We saw a big drop in users after FB made changes to the profiles that put ArtShare into hiding on many of them. We find (via FB stats), most people install the app when they see it on a profile – if they can’t see it there are fewer installs. At this point, however, FB is changing profile layout again, so we are waiting to see what that brings prior to modification.

Hi Shelley . . . I think Developer Analytics must cache data.

It would be interesting to know if you can pull up stats on *which* artworks are getting most views or have been added to people’s Artshare configs the most.

(I think that has much more value)

And none of the cultural sector apps are at the level where Developer Analytics can pull up the sort of demographic info that I could for the bigger apps like My Flickr.

Agreed, but that is dev time we don’t have time for right now – I’ve also got serious issues with privacy of participating institutions to think about. For instance, I think it may be OK to provide you with which PH objects are getting picked, etc. But I’m not sure it’s OK to show that globally to everyone. Though that may be of interest, it’s not a popularity contest and I’d bet that each participant will feel differently. This, of course, makes for a much bigger dev project – to provide specific stats to specific peeps. Not high on our priority list at the moment, I’m afraid. We may in future dev provide a top 10 within the app itself, so users can explore the most popular. That’s a good way to get users into content (especially now that we have so many museums) and the daily active stats would probably rise a bit as a result. Generally, we are thinking more along these lines in terms of dev time – what will be fun and good for the users, not necessarily the content providers.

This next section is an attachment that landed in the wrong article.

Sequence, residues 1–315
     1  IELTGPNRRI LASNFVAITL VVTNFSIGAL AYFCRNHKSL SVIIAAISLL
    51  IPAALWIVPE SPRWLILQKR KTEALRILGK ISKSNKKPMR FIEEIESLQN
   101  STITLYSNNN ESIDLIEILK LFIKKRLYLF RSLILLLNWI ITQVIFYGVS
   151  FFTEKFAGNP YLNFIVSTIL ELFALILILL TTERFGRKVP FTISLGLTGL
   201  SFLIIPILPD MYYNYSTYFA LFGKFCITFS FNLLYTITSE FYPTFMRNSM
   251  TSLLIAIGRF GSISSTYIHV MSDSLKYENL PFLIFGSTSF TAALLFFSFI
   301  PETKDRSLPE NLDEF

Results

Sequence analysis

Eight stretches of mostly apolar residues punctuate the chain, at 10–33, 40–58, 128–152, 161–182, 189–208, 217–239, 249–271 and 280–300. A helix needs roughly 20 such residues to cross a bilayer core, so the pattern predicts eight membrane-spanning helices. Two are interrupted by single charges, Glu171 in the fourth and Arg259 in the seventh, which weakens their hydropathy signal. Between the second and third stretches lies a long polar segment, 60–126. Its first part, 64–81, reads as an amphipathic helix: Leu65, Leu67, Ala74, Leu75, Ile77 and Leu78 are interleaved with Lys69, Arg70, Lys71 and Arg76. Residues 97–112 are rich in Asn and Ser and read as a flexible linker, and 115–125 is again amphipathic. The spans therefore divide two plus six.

Re: caching – yeah, really poorly – it’s got app info on developers and institution participants from version 1!

Re: demographic. I have that at my disposal via FB dev stats, but they are careful here (a very good thing in my opinion). You can see data only when the user base gets big enough to keep it anonymous. Smart cookies.

I think this highlights some of the problems facing the sector in terms of justifying the development of, and participation in Facebook form an organisational perspective.

What are we really trying to achieve with Facebook applications?

Some things I’d put on the table that have come out of various conversations include –

– ability to communicate directly with audiences who are leaving email behind. (everyone is seeing reduced effectiveness of email marketing campaigns now so Facebook might provide a new way to reach people)

– brand awareness and brand association

– market research (requires the ability to data mine the behaviour of Facebook users – which has clear ethical issues)

– audience research into user behaviour (the Steve Art Tagger is a good example of this and is clearly tied to a research project)

I’m still unconvinced of the strategic benefit of a Facebook application in the museum sector. How does it fit into an existing marketing or campaign strategy? (If it doesn’t then what is it for?)